Born in 1874 in Big Sandy, TX, Henry Thomas was part of the first generation to be born out of slavery. He learned to hate cotton, but found solace in songwriting. “Texas Easy Street” was recorded in the mid-1920s and shows how Henry Thomas truly made his guitar swing. This is some heavy blues from Uncle PD to you. Enjoy!
“I Wonder” was pre-war pianist and blues singer Cecil Gant’s first single. Released on Oakland’s Gilt-Edge Records, “I Wonder” is a romantic pop-tinged ballad which topped the R&B charts despite a wartime shellac shortage that hit tiny independent companies like Gilt-Edge particularly hard. Grab a glass of wine, cozy up with your lover, and let the beautiful voice of Cecil Gant remind you of what’s really important in life.
Sloppy Henry puts so much soul into his singing you really believe every word. This recording is very old but sounds contemporary. Good storytelling is timeless.
Hailing from Oklona, Mississippi Booker White learned guitar from his father, and helped to define Delta Blues music as we know it. White’s interpretation of “Shake ’em On Down,” a popular theme of the day, was later covered as a rock piece by Led Zeppelin.
Although the subject matter of “One Dime Blues” may be cliche in the world of blues, no other artist has such a powerful cadence as the great Blind Lemon Jefferson. Jefferson’s quick-chords and toe-tapping rhythm is sharp juxtaposition with the song’s subject matter, each verse tackling the plight of the poor in the 1920s.
From Kansas City Kitty & Georgia Tom we get this upbeat blues number, “How Can You Have the Blues,” a flirty duet about a woman who appears to have it all, but is continually bogged down by depression. The name Kansas City Kitty may not ring any bells with the most enthusiastic American blues aficionados. It could be because there is a mystery behind the true identity of this sexy voiced blues woman, but what we do know is that this track, recorded in 1930, features Thomas A. Dorsey on piano and vocals, playing under his popular pseudonym Georgia Tom. With its fantastic melody and conversational blues style, this number lends truth to the idea that money can’t buy you happiness.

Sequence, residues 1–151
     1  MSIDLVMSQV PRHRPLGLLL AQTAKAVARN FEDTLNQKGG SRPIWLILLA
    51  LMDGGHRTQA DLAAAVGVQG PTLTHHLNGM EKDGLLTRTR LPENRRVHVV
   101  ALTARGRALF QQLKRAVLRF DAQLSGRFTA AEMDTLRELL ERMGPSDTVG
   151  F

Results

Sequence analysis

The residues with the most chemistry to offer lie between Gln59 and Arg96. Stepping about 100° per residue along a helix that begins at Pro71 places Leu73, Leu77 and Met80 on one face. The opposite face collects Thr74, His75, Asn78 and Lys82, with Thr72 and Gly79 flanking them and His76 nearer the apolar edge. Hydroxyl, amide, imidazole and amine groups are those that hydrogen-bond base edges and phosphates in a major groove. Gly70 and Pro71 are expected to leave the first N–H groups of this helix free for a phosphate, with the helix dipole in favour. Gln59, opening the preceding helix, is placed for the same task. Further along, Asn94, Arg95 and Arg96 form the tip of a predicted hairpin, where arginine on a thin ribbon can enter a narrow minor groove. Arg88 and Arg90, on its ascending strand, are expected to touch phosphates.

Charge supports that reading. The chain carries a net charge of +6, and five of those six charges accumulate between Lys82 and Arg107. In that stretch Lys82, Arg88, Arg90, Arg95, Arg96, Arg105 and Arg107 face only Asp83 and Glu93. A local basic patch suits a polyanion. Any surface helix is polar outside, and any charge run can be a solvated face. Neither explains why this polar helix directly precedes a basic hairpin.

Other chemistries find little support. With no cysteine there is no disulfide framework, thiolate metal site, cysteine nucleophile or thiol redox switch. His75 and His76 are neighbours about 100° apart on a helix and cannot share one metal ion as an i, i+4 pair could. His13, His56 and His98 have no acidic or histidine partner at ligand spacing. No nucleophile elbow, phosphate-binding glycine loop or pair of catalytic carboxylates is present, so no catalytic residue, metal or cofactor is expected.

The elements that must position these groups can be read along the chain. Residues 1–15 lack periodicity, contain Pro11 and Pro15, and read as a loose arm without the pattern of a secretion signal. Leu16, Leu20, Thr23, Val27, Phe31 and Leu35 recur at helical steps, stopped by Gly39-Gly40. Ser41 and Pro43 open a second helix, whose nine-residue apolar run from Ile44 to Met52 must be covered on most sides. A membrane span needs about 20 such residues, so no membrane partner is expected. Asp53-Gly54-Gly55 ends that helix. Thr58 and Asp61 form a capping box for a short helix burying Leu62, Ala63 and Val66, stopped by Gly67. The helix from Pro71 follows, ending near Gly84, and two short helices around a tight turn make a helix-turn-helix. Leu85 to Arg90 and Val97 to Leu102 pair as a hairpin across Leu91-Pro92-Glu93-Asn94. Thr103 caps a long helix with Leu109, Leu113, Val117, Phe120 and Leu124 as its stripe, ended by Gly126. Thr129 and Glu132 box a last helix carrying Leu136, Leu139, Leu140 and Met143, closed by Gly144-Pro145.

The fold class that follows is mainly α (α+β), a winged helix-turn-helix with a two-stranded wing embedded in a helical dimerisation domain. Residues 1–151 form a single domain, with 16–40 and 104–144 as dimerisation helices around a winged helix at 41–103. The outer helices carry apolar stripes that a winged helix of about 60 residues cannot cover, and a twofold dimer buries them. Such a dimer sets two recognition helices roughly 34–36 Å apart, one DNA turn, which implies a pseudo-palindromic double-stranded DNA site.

Mississippi John Hurt sings on this thinly veiled song about domestic violence in “Nobody’s Dirty Business.” According to John, the sadism works both ways. Eventually his woman leaves. But John writes her a letter begging her to come back. She eventually returns and I suspect the dynamic keeps cycling over and over again. An important message brought to you from way back in 1935 – sometimes relationships just plain old don’t work out.
Blind Blake was born Arthur Blake in Jacksonville Florida. During Blind Blake’s prosperous career he recorded over 75 cuts for the Paramount label. “Diddie Wa Diddie” shows off Blind Blake’s distinctive vocal and guitar rhythm. This song was later covered by Ry Cooder and Hot Tuna. I only wish somebody would tell me what “Diddie Wa Diddie” means.
The great Leadbelly, with one of his classic sides that helped define American music in the 20th century and beyond. Over his own distinctive, relaxed guitar accompaniment, Leadbelly’s vocal on this recording is simply magnificent. Widely revered by music fans and covered by blues scholars, “Where Did You Sleep Last Night?” was also sung by Kurt Cobain on Nirvana’s Unplugged album.
When you read the words “Slave to the blues,” it doesn’t compare to how it sounds and feels when Ma Rainey sings this song. You can imagine her holding her heart in chains during this dreary memory. It’s another way to say endless heart ache.